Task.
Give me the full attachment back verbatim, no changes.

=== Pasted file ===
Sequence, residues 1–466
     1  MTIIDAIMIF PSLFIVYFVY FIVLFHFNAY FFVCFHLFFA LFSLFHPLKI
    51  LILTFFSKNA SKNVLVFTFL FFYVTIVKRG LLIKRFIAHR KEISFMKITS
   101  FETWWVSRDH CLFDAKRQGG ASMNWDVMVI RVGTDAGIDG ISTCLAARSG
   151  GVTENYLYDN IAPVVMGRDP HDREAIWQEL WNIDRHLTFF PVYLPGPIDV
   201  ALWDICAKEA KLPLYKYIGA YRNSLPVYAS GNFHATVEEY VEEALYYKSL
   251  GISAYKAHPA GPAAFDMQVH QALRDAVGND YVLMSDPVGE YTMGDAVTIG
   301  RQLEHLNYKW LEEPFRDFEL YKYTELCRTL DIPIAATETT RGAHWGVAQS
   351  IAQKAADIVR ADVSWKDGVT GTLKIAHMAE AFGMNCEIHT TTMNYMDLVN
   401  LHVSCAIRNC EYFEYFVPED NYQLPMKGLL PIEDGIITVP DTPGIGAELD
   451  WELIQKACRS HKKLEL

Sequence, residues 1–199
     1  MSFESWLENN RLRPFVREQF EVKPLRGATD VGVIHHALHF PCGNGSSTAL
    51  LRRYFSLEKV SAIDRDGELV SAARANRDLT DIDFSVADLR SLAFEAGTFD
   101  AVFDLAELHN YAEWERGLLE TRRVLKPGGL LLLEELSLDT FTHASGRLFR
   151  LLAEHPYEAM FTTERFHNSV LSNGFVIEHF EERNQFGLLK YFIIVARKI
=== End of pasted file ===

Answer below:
Sequence, residues 1–466
     1  MTIIDAIMIF PSLFIVYFVY FIVLFHFNAY FFVCFHLFFA LFSLFHPLKI
    51  LILTFFSKNA SKNVLVFTFL FFYVTIVKRG LLIKRFIAHR KEISFMKITS
   101  FETWWVSRDH CLFDAKRQGG ASMNWDVMVI RVGTDAGIDG ISTCLAARSG
   151  GVTENYLYDN IAPVVMGRDP HDREAIWQEL WNIDRHLTFF PVYLPGPIDV
   201  ALWDICAKEA KLPLYKYIGA YRNSLPVYAS GNFHATVEEY VEEALYYKSL
   251  GISAYKAHPA GPAAFDMQVH QALRDAVGND YVLMSDPVGE YTMGDAVTIG
   301  RQLEHLNYKW LEEPFRDFEL YKYTELCRTL DIPIAATETT RGAHWGVAQS
   351  IAQKAADIVR ADVSWKDGVT GTLKIAHMAE AFGMNCEIHT TTMNYMDLVN
   401  LHVSCAIRNC EYFEYFVPED NYQLPMKGLL PIEDGIITVP DTPGIGAELD
   451  WELIQKACRS HKKLEL

Sequence, residues 1–199
     1  MSFESWLENN RLRPFVREQF EVKPLRGATD VGVIHHALHF PCGNGSSTAL
    51  LRRYFSLEKV SAIDRDGELV SAARANRDLT DIDFSVADLR SLAFEAGTFD
   101  AVFDLAELHN YAEWERGLLE TRRVLKPGGL LLLEELSLDT FTHASGRLFR
   151  LLAEHPYEAM FTTERFHNSV LSNGFVIEHF EERNQFGLLK YFIIVARKI